Mocking up the front subframe | Sunbeam Tiger engine swap project – Ep. 8

In episode 8 of the Sunbeam Tiger engine swap and Brad takes on a lengthy list of little jobs that will actually put him on the path to having a running lorry. In light of making fantastic progression, Brad determines to mock up the front subframe and is extremely happy with what he sees.

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29 Replies to “Mocking up the front subframe | Sunbeam Tiger engine swap project – Ep. 8”

  1. The Sunbeam Tiger is more engine than the car, I beat it’s a lot of fun to drive, it’s an average guy cobra.

  2. You are so right. This IS getting exciting. Love watching your progress. Can’t wait to see the smile on your face on the first drive.

  3. Love what you are doing but yes, longer videos would be great. That 289 is a beast compared to the original, anemic 260. I am sure that it will be a ton of fun but don’t kill yourself trying to get accustomed to it.

    1. Some folks absolutely do that. We’ll see what it needs. There are also other mechanical fans that people have tested over the years, this stock Tiger 4 blade fan might have it’s work cut out for it…

  4. Great video as always. Your video salved a problem I’m have on my 64 Falcon Sprint. I’m putting in a hydraulic clutch master cylinder and need to put in a hydraulic slave cylinder but didn’t know quite how to mount it and the your video solved that. Ford made just what I’m looking for on the Sunbeam Tiger. Also you have the wrong Bell housing Separator Plate. The one you have is for an auto trans. But yours will work it just won’t keep the road grim out. If you need the right one just yell. I have a few 5 bolt manual trans ones laying around. Keep up the good work it’s going to be a blast to drive.

    1. You are 100% right. The plate was put on the motor before we knew for sure it would go in this car- it was good for the test stand, but not exactly right for the Tiger. I’m going to make a little block off plate that should seal it up. Thanks for the offer of the correct one, really appreciate it.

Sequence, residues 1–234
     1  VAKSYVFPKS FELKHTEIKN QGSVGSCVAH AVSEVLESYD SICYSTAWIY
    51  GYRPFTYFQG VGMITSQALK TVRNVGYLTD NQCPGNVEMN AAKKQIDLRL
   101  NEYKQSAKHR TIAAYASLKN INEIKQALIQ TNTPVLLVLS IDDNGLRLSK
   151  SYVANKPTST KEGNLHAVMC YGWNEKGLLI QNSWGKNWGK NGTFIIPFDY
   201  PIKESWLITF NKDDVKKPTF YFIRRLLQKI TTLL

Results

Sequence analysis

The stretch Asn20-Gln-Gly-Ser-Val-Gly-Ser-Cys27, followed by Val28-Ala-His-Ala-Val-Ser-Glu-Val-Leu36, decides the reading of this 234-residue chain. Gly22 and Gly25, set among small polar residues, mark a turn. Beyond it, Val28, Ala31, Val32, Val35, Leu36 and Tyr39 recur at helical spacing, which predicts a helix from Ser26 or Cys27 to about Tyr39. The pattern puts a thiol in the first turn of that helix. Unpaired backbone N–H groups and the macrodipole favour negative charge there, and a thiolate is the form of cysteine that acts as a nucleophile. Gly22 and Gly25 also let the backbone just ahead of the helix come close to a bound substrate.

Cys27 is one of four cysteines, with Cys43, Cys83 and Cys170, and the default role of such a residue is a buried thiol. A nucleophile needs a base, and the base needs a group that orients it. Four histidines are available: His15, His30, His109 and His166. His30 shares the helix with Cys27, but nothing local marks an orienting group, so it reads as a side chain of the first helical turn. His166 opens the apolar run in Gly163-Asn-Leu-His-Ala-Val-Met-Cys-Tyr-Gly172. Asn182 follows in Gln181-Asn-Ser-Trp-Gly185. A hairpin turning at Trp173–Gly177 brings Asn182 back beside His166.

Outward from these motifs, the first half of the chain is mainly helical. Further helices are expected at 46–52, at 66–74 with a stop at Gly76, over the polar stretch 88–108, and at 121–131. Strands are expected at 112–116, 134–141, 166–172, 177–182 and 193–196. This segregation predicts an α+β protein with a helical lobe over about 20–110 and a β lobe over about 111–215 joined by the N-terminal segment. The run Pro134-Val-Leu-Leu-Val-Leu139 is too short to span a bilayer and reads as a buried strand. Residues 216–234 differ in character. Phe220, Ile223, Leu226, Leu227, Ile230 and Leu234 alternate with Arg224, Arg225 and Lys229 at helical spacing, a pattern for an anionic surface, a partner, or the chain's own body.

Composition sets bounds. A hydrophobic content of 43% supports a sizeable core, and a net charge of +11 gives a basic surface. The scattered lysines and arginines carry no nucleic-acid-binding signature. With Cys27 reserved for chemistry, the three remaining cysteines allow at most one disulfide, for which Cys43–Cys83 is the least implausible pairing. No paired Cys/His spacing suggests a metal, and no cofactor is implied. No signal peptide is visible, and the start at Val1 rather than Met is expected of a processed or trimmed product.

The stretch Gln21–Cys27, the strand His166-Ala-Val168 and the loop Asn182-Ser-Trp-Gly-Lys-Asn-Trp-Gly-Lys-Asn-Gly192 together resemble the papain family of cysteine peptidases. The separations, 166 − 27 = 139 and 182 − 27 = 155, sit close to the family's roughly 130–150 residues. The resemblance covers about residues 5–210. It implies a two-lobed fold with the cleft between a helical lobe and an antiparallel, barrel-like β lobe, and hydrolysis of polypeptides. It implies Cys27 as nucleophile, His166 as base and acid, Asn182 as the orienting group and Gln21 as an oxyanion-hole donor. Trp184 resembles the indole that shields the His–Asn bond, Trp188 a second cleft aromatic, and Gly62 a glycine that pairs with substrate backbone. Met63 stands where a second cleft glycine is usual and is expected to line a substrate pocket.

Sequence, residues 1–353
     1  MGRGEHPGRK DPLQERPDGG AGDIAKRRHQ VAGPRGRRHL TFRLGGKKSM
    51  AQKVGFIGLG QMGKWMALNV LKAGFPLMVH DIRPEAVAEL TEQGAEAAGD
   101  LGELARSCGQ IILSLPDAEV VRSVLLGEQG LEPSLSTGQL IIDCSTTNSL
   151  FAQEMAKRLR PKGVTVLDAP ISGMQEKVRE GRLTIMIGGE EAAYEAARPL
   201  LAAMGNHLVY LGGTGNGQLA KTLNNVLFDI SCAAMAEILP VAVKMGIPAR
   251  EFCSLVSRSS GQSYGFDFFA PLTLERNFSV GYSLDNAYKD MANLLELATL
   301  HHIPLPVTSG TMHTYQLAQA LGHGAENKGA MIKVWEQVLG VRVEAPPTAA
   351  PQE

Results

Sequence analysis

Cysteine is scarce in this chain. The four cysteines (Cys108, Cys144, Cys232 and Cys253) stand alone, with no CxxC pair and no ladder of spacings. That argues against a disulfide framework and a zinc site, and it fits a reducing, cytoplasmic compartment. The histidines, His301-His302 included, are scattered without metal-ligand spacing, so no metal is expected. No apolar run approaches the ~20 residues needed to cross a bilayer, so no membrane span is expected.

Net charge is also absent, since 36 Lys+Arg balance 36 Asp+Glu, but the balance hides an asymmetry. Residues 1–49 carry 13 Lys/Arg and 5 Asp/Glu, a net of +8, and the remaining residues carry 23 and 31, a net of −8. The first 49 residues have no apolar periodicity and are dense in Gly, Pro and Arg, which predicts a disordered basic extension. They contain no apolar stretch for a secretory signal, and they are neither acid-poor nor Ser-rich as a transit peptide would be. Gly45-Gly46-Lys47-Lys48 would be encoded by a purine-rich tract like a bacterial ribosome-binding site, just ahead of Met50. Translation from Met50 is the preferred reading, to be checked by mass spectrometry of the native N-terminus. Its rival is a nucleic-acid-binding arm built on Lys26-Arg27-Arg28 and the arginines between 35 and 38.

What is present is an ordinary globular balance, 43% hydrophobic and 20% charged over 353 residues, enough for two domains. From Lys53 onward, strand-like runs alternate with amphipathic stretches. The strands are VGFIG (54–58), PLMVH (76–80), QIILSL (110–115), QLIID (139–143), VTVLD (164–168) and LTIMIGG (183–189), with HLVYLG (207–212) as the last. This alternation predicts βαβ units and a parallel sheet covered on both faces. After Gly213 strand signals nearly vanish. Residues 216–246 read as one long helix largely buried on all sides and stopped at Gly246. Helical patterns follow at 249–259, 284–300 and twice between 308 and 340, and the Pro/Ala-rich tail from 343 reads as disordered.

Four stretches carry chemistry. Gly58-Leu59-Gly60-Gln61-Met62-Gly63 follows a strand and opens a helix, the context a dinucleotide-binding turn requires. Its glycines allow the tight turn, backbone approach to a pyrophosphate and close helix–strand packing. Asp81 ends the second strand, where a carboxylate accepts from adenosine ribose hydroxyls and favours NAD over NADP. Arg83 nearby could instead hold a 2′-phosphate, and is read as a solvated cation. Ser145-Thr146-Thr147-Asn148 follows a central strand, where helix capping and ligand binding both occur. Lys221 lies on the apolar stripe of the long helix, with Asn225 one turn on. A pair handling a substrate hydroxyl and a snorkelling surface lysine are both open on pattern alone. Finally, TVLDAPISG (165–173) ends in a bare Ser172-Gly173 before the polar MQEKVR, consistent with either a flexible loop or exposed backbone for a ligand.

1. I believe the 289 turns clockwise if you’re staring at the engine and the drivers seat is through the windshield in front of you. Pretty sure I used the witness marks to line up the fan and the pulley, but I’ll double check it.

  5. one thing i will always say is a good thing to do on a classic car, even if youre trying to preserve its antiquity or w/e, do a fan delete. remove the crank fan and replace it with an electric fan mounted to the radiator. its far better at cooling and reduces load on your engine which gives you better performance and efficiency.

    1. @John Farr the load to run the alternator that extra bit is nothing compared to the load and inertia the crank fan has. there is noticeable throttle response and those fans that “flex” at higher speeds to reduce load have been proven ineffective countless times.
      Not to mention electric fans are based on newer understandings of fluid dynamics and have much higher CFM at a given rpm than crank fans, weigh less, and generally dont explode or cause harsh vibrations over time.
      I much prefer most analogue and manual mechanics over new tech but fans are on another level. no one will be upset about having a carb and an electric fan on the same build.

  6. I lined up the four cross member bolt holes with the body by using threaded rods to align the suspension, then jacked the cross member up into position…Worked like a charm as a solo effort! PS Thanks for sharing your progress!!

  7. Why are you using the stock 4 blade fan? Why not a 6 blade aftermarket. It’s a proven to do a better job. Re TEAE cooling tricks. You spent a ton on the radiator why stop short by not using a better fan and block off the horn holes to each side of the radiator????

  8. I don’t comment much, I really enjoy your enthusiasm, as I too am working on a project. I look forward to seeing it started up!

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